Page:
These starter solutions are far from the only option. What I've diagrammed can be found in the Invoicing starter solution. Both selling and purchasing products can be set up from the same basic data model. The main difference is whether you are spending or earning money.
Changes to inventory can be driven directly from the line items table as this table can serve as a "log" of every item ordered and received much the way a check register can record deposits and withdrawals.
I loaded up the invoices starter solution, and it seams like a good piece to produce off of- but I can't seam to grasp a lot of it to replicate it based on my needs. The invoice itself, where it contains lines for items is something more what I am wanting than compared to the inventory management starter solution.
To be more specific for the needs, because I may be messing myself up and you may have a better idea of what I need. I work at a small HVAC business, and we need to control our inventory more in order to save money. Each van has its own little inventory, which needs to be tracked daily. And along with that, I need to be able to receive orders from them when they happen to run out of parts or items when on the job- or to get orders for jobs ahead of time while they are out.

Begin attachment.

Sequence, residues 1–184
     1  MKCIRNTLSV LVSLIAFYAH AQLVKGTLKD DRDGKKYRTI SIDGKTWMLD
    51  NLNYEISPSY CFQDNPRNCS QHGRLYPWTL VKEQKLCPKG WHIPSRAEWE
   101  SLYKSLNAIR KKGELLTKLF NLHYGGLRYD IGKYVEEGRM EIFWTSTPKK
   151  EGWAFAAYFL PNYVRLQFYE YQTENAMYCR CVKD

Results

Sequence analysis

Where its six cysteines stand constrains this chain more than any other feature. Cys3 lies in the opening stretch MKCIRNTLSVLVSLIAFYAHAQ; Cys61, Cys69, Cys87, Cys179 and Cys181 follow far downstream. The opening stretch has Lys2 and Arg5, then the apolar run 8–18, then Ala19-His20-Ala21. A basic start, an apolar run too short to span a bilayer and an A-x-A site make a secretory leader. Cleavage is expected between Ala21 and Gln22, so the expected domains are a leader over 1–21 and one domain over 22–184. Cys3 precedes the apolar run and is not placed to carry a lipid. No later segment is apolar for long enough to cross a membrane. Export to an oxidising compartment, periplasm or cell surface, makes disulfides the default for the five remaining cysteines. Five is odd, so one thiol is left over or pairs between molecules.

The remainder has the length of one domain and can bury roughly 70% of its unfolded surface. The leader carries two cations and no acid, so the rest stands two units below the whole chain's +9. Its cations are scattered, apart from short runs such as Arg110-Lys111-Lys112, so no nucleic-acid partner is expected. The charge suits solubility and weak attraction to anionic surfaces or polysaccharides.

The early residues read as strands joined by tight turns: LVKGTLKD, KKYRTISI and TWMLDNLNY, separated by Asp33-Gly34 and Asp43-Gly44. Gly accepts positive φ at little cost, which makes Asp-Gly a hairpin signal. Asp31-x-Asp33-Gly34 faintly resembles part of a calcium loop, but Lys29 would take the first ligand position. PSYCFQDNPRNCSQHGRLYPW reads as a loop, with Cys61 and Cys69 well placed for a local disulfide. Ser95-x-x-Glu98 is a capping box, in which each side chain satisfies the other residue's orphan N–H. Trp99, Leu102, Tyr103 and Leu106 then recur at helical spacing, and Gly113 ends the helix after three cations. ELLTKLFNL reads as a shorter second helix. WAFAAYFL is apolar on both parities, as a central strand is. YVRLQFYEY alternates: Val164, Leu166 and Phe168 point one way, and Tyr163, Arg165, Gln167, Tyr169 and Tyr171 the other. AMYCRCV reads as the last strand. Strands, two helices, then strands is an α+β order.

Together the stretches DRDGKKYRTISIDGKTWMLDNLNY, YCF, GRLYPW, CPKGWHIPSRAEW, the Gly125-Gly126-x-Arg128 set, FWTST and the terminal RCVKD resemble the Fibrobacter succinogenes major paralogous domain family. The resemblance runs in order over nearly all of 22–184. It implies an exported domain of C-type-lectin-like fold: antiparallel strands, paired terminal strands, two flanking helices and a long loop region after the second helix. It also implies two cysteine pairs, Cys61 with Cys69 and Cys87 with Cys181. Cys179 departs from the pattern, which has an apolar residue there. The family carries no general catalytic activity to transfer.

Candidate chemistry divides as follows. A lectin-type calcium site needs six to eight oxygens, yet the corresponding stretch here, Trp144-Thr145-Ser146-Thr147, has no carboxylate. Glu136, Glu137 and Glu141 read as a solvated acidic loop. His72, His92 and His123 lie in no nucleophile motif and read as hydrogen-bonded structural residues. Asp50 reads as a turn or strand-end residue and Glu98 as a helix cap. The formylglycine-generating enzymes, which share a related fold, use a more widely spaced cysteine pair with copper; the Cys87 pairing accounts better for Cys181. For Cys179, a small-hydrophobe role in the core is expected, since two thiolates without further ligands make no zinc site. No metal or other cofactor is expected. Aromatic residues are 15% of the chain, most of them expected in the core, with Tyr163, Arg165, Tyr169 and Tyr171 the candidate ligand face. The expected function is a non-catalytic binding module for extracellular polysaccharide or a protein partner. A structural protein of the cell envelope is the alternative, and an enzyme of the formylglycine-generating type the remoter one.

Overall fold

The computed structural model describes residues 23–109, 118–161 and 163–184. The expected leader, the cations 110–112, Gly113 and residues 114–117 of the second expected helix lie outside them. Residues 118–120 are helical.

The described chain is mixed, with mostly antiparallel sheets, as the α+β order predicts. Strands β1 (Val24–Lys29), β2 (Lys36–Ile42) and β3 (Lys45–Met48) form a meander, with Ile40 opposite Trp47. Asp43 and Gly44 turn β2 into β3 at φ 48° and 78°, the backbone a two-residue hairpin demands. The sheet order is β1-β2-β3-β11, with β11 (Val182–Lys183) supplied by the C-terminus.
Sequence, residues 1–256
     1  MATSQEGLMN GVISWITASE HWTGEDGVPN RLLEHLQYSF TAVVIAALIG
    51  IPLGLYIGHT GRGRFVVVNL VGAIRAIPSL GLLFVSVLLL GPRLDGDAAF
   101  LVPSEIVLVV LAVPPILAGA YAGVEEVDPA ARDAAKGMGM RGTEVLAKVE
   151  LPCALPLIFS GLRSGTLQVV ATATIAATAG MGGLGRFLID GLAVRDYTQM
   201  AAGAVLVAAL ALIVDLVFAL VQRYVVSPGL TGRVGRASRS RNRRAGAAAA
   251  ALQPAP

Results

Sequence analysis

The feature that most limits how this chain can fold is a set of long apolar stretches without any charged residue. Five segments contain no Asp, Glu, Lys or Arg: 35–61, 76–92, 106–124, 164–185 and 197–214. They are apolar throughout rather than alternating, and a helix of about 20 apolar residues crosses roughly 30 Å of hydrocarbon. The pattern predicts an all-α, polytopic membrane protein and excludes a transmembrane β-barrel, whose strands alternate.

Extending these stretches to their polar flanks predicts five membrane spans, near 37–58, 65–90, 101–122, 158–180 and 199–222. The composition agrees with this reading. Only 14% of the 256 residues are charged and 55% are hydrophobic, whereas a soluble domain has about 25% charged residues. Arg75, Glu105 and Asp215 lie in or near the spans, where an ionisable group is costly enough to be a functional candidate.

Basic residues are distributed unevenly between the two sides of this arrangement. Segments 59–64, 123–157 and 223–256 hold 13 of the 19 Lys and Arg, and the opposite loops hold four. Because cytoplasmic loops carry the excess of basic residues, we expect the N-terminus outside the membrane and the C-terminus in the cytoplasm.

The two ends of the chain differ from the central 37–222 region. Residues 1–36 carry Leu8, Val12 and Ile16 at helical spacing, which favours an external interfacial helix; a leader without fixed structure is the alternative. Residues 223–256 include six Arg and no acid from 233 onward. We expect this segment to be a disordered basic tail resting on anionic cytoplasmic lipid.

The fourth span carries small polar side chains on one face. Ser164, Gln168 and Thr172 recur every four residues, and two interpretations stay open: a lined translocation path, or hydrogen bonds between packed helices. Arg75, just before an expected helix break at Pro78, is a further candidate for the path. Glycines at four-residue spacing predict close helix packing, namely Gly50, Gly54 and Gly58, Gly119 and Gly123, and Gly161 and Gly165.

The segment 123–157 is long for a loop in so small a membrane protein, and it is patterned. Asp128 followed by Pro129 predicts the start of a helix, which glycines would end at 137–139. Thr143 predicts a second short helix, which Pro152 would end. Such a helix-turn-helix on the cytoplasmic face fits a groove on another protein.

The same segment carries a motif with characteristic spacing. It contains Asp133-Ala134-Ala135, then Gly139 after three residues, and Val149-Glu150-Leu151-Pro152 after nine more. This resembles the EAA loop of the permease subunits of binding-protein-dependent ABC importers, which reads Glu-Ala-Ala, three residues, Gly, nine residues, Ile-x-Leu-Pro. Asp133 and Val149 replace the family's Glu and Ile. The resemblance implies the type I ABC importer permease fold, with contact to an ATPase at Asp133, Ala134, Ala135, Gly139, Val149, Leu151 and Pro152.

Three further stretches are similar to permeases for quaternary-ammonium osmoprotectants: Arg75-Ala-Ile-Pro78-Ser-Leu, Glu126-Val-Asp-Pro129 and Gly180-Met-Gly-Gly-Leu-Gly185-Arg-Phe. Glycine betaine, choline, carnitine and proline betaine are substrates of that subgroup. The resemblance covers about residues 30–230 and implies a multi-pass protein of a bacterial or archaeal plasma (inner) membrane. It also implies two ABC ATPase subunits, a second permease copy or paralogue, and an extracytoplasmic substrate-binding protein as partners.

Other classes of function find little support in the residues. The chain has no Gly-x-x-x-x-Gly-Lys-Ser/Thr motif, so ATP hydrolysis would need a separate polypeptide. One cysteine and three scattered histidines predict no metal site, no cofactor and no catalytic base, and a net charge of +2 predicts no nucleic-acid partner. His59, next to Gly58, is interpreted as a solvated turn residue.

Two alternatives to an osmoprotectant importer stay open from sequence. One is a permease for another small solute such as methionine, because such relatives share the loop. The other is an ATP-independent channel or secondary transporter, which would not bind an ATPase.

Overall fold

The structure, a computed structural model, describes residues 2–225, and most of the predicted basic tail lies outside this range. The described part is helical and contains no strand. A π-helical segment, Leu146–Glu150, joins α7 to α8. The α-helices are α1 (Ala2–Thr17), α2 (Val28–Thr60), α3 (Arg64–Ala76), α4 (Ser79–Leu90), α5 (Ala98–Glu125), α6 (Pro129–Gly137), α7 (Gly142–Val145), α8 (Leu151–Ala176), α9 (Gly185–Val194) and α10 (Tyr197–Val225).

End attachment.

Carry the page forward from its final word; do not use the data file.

What you describe is still something for which I would use the data model that I have described here.
For a more detailed view of how I'd do this, see here:
Thank you so much for these tutorials. I have only gotten through, most of, table occurrences (which is just like object-oriented programming). I am a little stuck with the final part (making Fax appear from [contactID = contactID && cFax = PhoneType]. With a little bit of thinking and re-reading , I was able to understand it fairly well- and it is pretty helpful. I also find that industry standard list to be helpful, as it also related to how normal programming is done.
Edit: I have been able to create a base inventory system so far using 4 databases (Orders, Inventory(van1, van2, shop...ect), Products, and seller (Some items have multiple sellers, and so both- or more- need to be defined WITH that seller's product ID for that product). I am still trying to actually figure out how to separate/reorder the item list when the wanted inventory is chosen.